Breaking into the industry I dispatched dozens of VHS tapes. Posting a jiffy bag was the final stage of a lengthy process. First, a master was  created on Betacam tape. Umpteen reels were then duplicated in real time (no pun intended) on an array of VHS machines. It was an awful lot of work and plastic for a reel that was less than a minute long. The modern format (Vimeo/You Tube) is easier to work with, better quality and is probably more likely to be viewed. The VHS format provides an amusing time capsule, but I wont miss it.

Tuesday, 26 March 2013

R James Healy VFX. 3D Reel 2013.

This reel* is composed of my favourite shows from the last five years. Subtitles indicate, the title, the facility where the production took place and the role I played on the project. The sound for this reel was created using audio samples from 1980’s feature films.  They are, in order of appearance: Robocop, Mad Max, Scanners, Blade Runner and [of course] Star Wars, The Empire Strikes Back.

*What's a reel? If you aren't in the animation industry you may not not know what a 'reel' or 'show-reel' is. Simply, it's a moving portfolio. This particular reel is focused on my skills as a 3D craftsman. It is intended to show my ability to interpret direction and make the best visuals possible. I don't develop these projects alone, it's a collaborative process. On a feature film the crew may run to thousands of individuals, whilst a commercial may be less than a dozen. This work is commercial, but that should not be interpreted as non-creative. I'm involved with projects planned in the most minute detail as well as those that are blank canvases. All of them provide creative and technical challenges, I guarantee it!

Saturday, 9 March 2013

(G)OOD + (D)EVIL, 3D Making-Of.

My previous post contained Chris Turners short film, (G)OOD + (D)EVIL. Time Based Arts provided the post production magic and invited me onboard to create some 3D elements. I worked on two sequences realising cracking walls and billowing fabric.

In the first sequence, the heroine, painted black with white eyes, claws at the air. It's an intense moment. I created cracking plaster to suggest the environment was somehow reacting to her performance. The shot could have been little more than a 2D animation of cracks appearing, but the subtleties in shifting surfaces and sliding edges required a 3D solution. Due to the shallow focus and bizarre sense of time in the piece, I created only one animation sequence which was then retimed and repositioned for each shot. The making-of video, below, outlines the process. Note that lighting duties were performed by James Mann with Flame compositing by TBAs own, Mike Skrgatic.

A sequence depicting the heroines [extremely] disturbed sleep included a bed covered in couture fabric. Whilst it's not visible in the source footage (due to the grading) the fabric provided was considerably smaller than desired. Chris planned to extend the fabric in post, filling the room. Mike and Jim at TBA had seen the cloth work I'd produced for Harry Potter and suggested I come up with a 3D solution rather than executing a static 2D paint up. I created a number of tests, but by far the most successful were those that tied in the actresses writhing movements. Creating interaction between the cloth and the bed helped place the fabric in the scene. The making-of video, below, outlines the process and once again, lighting duties were performed by James Mann with Flame compositing by Mike Skrgatic.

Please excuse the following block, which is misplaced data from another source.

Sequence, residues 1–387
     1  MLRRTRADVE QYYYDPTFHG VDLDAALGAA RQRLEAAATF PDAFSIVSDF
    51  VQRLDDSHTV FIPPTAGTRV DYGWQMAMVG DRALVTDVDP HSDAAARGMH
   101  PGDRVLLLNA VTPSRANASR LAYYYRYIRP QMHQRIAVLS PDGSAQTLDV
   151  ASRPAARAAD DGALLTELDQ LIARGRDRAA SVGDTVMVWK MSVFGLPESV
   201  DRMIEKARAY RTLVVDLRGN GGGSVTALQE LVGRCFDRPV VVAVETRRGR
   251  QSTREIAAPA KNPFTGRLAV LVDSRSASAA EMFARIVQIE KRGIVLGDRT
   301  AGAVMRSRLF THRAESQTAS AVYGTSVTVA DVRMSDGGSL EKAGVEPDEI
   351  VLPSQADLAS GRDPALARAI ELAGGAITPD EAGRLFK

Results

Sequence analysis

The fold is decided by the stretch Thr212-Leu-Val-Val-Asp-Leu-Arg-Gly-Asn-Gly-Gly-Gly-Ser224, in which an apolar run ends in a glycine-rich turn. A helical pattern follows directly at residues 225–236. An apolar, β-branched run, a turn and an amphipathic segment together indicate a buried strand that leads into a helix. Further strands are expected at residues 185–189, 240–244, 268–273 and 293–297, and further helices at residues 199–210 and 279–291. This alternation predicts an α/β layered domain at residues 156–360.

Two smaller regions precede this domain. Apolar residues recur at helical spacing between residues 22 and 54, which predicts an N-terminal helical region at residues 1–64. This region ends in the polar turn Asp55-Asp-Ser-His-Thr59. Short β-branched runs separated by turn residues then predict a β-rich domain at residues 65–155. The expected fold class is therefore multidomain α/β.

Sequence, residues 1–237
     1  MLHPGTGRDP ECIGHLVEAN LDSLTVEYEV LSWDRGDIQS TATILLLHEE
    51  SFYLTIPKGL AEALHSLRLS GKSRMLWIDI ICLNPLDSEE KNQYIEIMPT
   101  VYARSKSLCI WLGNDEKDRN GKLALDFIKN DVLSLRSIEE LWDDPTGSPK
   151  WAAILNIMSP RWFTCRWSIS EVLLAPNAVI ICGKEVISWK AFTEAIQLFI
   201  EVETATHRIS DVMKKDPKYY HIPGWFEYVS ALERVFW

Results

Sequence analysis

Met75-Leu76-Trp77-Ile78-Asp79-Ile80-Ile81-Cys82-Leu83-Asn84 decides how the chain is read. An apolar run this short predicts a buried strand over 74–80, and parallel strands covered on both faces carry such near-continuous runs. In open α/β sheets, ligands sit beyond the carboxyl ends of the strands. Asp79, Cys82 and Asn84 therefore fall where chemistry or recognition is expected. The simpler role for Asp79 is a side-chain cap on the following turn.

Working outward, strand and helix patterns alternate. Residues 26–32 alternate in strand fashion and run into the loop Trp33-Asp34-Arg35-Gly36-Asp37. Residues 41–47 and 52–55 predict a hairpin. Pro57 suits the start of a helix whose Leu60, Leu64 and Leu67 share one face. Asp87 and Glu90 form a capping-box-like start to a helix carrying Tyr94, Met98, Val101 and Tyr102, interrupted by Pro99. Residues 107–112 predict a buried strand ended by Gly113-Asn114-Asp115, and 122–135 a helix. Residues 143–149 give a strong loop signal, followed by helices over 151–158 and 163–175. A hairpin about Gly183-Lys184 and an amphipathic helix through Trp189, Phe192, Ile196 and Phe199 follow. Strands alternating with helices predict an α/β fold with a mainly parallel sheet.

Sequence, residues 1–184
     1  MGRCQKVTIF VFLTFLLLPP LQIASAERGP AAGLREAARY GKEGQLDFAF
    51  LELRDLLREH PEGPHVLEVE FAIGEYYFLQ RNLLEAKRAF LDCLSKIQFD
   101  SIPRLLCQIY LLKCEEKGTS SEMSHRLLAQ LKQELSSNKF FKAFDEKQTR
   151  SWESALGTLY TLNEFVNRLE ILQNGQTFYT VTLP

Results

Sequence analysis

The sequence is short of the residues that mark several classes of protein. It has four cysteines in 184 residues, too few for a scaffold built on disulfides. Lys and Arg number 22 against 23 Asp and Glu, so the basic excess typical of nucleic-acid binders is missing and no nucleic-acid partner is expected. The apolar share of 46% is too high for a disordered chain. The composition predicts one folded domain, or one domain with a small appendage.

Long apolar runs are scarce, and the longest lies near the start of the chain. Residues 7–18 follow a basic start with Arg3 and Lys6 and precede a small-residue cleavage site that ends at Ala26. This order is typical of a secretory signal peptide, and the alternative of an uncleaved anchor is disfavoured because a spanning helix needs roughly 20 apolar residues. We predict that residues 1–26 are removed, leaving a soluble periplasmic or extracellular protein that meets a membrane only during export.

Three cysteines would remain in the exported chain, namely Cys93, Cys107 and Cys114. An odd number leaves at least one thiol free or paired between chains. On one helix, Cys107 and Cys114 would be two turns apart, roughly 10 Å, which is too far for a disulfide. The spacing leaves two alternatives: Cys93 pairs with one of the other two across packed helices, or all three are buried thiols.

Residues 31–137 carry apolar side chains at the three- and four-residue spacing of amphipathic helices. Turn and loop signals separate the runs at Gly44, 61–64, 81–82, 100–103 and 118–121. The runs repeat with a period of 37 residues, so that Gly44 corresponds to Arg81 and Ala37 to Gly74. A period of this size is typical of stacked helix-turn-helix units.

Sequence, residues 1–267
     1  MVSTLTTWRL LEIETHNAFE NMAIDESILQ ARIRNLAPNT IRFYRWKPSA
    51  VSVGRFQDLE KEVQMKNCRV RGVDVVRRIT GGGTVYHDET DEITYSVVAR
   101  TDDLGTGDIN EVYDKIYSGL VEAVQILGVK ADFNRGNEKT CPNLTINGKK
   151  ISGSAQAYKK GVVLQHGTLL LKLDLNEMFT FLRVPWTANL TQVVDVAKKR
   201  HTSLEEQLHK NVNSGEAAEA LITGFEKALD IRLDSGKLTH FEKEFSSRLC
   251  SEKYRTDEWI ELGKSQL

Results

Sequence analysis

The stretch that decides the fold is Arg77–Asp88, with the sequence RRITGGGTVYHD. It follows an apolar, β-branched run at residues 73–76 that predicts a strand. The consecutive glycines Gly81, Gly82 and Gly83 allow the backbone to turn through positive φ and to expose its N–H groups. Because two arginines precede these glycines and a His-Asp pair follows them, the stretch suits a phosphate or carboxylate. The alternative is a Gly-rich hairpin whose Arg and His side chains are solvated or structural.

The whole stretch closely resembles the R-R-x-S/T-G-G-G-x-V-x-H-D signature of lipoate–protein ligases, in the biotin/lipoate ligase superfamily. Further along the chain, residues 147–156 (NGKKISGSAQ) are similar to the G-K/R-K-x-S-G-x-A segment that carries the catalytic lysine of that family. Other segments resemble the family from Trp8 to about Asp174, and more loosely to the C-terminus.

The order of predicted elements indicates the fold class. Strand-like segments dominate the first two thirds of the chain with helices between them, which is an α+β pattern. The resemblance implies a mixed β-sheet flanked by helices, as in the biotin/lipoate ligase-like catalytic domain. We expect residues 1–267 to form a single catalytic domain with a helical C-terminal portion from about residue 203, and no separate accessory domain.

Thursday, 21 February 2013


Back in autumn 2012, I helped out TBA with Chris Turners short, G(O)OD + (D)EVIL. Chris describes the piece, "G(O)OD+(D)EVIL is a study of the duality of human identity; love / hate, black / white, life / death, light / dark, beginning / end." 

I contributed 3D elements for two sequences, the cracking walls and the billowing fabric. A making of is coming soon... 

Tuesday, 15 January 2013

The Best Of Now.

I recently competed a job with Time Based Arts for MSN/Microsoft. The spot was directed by Tomato. Their directorial approach is the opposite of Ben Hibons (who directed both sequences in my last post) Where as Ben knows his entire world in minutiae, a question to Tomato along the lines of, "does it look like this?" will typically receive an answer such as, "maybe". For them, the entire process is a voyage of discovery.
Tomato arrived with a selection of images and video clips. These were narrowed down to three core elements, a torus, a flock and a fractal. I created about a dozen animation tests for each, which were then refined and cross pollinated. Tomato constantly challenged me to 'break' the tools and conventional ways of working. For example, geometry that constantly changed topology, textures that 'swam' through models or a flocking system that flew through right angles.
I developed the modeling, animation and sequence. Lighting was executed by Remi. The flip text by Jess. Flame was handled by Mike, Jim and Sheldon. Production, JD and [lots of] coffee and cake by Stephanie. All at TBA. The [familiar?] voice is Paul Megan.